Meanwhile, how come that police training effort was such a bust? For one thing, it wasn't safe for them to leave their costly barracks.
After realizing that the security environment would largely prevent the trainers from traveling outside their barracks, the focus of the program was shifted to holding seminars and PowerPoint presentations on topics like how to spot suicide bombers, protect human rights and deal with large crowds.
The trainers are mostly retired state troopers and other law enforcement personnel on leave from their jobs back home, and a number of officials who criticized the program questioned what those trainers have to offer Iraqi police officials who have been operating in a war zone for years.
Mr. Perito said that the State Department never developed a suitable curriculum and that instead, advisers often “end up talking about their own experiences or tell war stories and it’s not relevant.” ...NYT
On the other hand, the government of Iraq hasn't been doing badly at all when it comes to security. The Washington Post reported the other day that oil revenues are soaring: Iraq "could be supplying nearly half of the incremental growth in world oil demand" according to one expert. That prediction will turn out to have been optimistic if a dispute between Iraq's central government and Kurdistan isn't resolve. Still:
The cornerstone of Iraq’s progress has been the government’s ability since 2008 to reduce violence and then to maintain security after the U.S. troop withdrawal at the end of last year. Militias and terrorist groups still detonate bombs, attack security forces and target government officials for assassination. But the death toll has dropped dramatically.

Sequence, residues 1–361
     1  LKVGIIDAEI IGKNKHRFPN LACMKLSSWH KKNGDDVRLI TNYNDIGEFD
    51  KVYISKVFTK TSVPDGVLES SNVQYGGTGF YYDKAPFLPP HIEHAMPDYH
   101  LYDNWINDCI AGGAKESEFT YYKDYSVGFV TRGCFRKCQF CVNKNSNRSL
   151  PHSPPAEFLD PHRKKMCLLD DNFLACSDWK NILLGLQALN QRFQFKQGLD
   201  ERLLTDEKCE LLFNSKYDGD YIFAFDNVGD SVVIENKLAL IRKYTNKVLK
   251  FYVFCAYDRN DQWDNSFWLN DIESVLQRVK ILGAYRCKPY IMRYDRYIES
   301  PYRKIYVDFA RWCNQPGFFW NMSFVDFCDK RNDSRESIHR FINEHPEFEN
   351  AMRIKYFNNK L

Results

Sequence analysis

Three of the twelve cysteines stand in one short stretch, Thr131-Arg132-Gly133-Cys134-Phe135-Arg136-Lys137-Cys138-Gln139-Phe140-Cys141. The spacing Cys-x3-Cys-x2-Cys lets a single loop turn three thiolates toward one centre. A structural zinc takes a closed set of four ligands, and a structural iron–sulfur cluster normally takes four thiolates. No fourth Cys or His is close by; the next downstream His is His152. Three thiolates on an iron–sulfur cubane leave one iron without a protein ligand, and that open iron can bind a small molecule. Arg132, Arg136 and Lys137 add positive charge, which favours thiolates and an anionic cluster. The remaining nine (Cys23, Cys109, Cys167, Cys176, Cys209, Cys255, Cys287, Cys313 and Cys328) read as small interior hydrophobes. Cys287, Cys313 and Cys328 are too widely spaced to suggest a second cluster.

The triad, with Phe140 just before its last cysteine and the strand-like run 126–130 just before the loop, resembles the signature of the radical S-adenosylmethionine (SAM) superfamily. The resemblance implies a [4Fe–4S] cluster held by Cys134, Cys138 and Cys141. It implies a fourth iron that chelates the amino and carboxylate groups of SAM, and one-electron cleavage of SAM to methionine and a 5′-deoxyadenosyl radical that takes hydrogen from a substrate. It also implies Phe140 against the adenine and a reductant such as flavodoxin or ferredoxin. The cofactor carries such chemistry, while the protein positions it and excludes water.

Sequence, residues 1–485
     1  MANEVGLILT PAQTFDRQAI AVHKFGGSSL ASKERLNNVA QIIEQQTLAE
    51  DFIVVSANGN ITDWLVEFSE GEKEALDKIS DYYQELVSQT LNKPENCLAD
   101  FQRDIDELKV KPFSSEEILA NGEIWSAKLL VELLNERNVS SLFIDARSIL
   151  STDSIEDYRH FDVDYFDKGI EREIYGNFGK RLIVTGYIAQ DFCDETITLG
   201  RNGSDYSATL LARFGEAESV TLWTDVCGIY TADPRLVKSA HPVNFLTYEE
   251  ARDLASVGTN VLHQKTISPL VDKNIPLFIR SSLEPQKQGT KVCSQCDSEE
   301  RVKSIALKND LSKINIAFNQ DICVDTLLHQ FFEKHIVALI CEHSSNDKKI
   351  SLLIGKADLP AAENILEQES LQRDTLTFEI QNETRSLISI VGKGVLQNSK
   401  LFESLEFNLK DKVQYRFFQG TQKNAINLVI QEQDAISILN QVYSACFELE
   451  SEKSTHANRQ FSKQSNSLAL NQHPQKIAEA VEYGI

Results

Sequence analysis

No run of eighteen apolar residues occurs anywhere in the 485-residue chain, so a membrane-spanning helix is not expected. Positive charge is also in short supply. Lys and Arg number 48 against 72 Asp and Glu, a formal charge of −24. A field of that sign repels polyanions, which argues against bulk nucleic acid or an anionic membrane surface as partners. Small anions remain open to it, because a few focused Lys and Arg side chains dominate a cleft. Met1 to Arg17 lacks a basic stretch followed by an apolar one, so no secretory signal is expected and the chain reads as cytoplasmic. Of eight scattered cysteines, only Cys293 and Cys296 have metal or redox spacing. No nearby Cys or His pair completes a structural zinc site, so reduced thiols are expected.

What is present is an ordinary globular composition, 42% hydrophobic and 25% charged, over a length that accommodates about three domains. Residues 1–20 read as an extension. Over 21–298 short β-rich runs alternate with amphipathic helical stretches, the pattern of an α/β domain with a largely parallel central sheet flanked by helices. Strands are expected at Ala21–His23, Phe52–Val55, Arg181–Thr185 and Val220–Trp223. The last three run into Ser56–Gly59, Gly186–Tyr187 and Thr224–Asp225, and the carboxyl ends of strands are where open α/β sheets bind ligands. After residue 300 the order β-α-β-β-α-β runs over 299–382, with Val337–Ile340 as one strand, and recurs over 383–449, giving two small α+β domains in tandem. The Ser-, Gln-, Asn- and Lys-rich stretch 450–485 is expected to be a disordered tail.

These security gains have helped the oil sector. A strategic pipeline to Turkey was once unusable because it was bombed so often; for the past few years, it has carried about 20 percent of the country’s exports. ...WaPo
Given Mitt Romney's proclivities as a cold warrior, would he embrace -- in fact look for, in a burst of Cheneyitis -- a war? Syria might be very tempting.
For many, the al-Qaida-style tactics recall those once familiar in the country's eastern neighbor, Iraq, raising fears that Syria's conflict is drifting further away from the Arab Spring calls for political change and closer to a bloody insurgency.
"Syria is slowly but surely turning into another Iraq," said Bilal Y. Saab, a Syria expert at the Monterey Institute of International Studies.
The presence of al-Qaida militants and other extremists adds a wild card element to the Syria conflict that could further hamper international efforts to end it. While world powers and U.N. observers in Syria can pressure the government and the opposition to stick to special envoy Kofi Annan's peace plan, they have no means of influencing shadowy Islamic militants who often don't claim their own attacks.
Western officials say there is little doubt that al-Qaida-affiliated extremists have made inroads in Syria since the popular uprising against President Bashar Assad began 14 months ago. But much remains unclear about their numbers, influence and activities inside Syria. ...AP